In partnership with Wild in Art, Derby Museums welcomed a flock of 30 colourful and unique 5ft rams on a trail around the beautiful city of Derby.

Our ram sculpture is based on the mythical Derby Ram from the 18th Century song, which according to legend was ten yards high with enormous horns and a huge flowing fleece. We invite you to take a moment to enjoy a collaborative re-telling of the poem here based on a series of lantern slides in our collection (see below). The story tells how people from all over came to see the huge Derby Ram, and we are excited that people are once again flocking to Derby for the Derby Ram Trail.

We hope you enjoy the boastful nature of the piece and visit all 30 large rams and 80 mini rams at the RamUnion Weekend on 3-5 Sep.

Derby Museums would like to thank all of the wonderful collaborators who took time out of lockdown to film themselves delivering this piece.

Sarah Parish - Actress - @DrSarahParish - @sarahparish23

Charles Hanson - Hansons Auctioneers - - @HansonsAuctions / @HansonsUK

Andrew Smyth - GBBO Finalist and Rolls-Royce Engineer - - @cakesmyth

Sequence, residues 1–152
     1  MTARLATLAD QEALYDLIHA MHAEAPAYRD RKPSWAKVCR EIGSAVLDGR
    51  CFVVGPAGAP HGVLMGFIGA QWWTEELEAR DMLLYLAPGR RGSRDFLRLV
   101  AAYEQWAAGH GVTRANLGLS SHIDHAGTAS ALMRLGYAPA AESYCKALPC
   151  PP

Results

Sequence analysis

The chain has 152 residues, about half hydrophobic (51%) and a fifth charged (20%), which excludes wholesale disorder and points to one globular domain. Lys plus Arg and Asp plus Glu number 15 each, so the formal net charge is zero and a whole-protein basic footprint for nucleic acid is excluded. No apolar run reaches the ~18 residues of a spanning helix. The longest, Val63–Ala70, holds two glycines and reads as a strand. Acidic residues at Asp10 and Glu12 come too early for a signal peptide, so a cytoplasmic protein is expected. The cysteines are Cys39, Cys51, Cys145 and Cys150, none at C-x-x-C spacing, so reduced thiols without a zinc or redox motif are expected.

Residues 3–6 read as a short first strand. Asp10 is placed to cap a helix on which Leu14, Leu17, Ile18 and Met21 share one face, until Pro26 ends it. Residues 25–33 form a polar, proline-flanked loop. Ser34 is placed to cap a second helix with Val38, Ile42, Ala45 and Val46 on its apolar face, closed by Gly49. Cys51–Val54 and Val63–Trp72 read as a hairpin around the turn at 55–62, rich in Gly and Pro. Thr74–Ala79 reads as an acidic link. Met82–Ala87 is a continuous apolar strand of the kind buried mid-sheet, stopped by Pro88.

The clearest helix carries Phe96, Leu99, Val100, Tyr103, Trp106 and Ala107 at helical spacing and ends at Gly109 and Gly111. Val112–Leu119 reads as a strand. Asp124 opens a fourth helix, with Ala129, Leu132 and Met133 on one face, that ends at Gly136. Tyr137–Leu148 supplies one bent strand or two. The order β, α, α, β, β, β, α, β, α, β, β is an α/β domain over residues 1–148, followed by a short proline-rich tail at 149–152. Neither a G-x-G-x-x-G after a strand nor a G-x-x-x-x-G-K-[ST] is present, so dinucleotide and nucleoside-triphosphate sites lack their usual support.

Wendy Holden - Number One Bestselling Author - - @Wendy_Holden

Alison Solomon - Storyteller and Artist Documenter @AlisonSolomonUK

Sophie Sparham - Derby Writer - - @SophieSparham

Kalwinder Singh Dhindsa - Author and Poet - - @KhalSir

Liz Fothergill CBE - HM Lord-Lieutenant of Derbyshire - @Fothersej22

True Colours - Poet and Creator of True Colours - - @True_Colours_Clothing_Official

Shain Bali - Derby Museums - @Shain50

There are various versions of the Derby Ram Poem, ours told in this piece was taken from the Poem Hunter website. Sometimes it is re-told as a mumming play associated with house visiting customs around Christmas time, more often in the Sheffield area. We think the performance aspect looks great fun and your young people might enjoy their own dressing up and re-telling of the Derby Ram so have some included some lyrics for you to download here:

The animation in the piece was based on lantern slides that we hold in our collection. They are thought to have been made in the mid to 19th century.